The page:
Leaders begin with the future

By Stuart Crainer and Des Dearlove

There is a stereotype of the CEO as thinker. The CEO withdraws into strategic seclusion and emerges with a compelling vision of the future and how to get there. The exemplar of this was Bill Gates who disappeared for ‘think weeks’ to consider Microsoft’s future. He reportedly sat in a cabin, and read and thought through trends, challenges and opportunities. It worked.

While not every leader has Bill Gates’ appetite for monastic seclusion and contemplation, a focus on the future is important. ‘The most successful leader of all is one who sees another picture not yet actualized,’ observed Mary Parker Follett over a century ago.

As Henry Mintzberg’s research shows, the present has a nasty habit of overwhelming contemplation of the future. In their work Gary Hamel and C. K. Prahalad lamented that senior executives devote less than 3 percent of their energy to ‘building a corporate perspective of the future’.

Work by London Business School’s Rajesh Chandy (along with Jaideep Prabhu and Manjot Yadav) used data from American retail banking to look at the link between CEOs and innovation. The research concludes:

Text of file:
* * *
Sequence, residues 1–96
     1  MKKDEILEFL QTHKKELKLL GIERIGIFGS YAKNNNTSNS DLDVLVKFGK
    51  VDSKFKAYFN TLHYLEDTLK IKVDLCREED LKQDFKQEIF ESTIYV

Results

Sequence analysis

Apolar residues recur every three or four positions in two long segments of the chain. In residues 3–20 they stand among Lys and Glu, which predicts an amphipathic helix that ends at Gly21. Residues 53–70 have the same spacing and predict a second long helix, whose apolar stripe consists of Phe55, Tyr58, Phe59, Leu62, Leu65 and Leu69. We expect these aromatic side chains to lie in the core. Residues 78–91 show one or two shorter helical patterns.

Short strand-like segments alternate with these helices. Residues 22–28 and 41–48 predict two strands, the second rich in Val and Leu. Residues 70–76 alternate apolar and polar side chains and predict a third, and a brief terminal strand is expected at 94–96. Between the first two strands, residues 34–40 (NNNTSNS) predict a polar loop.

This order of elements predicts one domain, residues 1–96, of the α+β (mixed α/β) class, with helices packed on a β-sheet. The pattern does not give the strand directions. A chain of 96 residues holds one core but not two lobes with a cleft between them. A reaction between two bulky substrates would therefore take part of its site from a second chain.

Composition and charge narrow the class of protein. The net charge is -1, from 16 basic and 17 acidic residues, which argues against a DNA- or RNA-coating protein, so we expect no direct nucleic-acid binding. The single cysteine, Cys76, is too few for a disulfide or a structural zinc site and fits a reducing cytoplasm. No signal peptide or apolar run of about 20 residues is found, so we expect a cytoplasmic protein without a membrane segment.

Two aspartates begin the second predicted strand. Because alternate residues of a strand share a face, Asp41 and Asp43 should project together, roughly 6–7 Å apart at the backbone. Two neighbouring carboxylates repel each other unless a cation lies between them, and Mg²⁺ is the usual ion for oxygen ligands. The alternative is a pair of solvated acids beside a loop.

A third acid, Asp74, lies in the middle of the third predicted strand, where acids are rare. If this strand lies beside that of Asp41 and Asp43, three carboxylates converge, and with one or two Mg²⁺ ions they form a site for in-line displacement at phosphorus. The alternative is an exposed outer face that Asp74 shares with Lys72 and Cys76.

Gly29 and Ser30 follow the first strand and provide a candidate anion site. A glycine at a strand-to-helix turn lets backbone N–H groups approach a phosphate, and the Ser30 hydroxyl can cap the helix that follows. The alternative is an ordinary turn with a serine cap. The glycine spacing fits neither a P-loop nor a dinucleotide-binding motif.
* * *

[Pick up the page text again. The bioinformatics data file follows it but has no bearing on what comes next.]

‘CEOs who attend to the future are faster at developing new technological opportunities and faster at developing initial products based on these technologies, and better at deploying these initial products.’ If you know where you are going, you might get there quicker.

For leaders, the past is history. Time and time again, we are struck by the ability of leaders to exist in the moment, to focus on the now and what they want to achieve rather than being imprisoned by the past. They are energetically present.

Take Vivek Singh, chef and CEO of the Cinnamon Club restaurant group. The need to keep pushing himself and his team forward is what Singh admits keeps him awake at night. ‘At the back of my mind is how do I make sure that even very good people, who have grown a lot, are challenged and engaged and aspire to the next level. It’s not good enough to think I’ve done a very good job and that’s enough. You have got to go forward and want to do other things. But, what are those other things, and what could those things be?’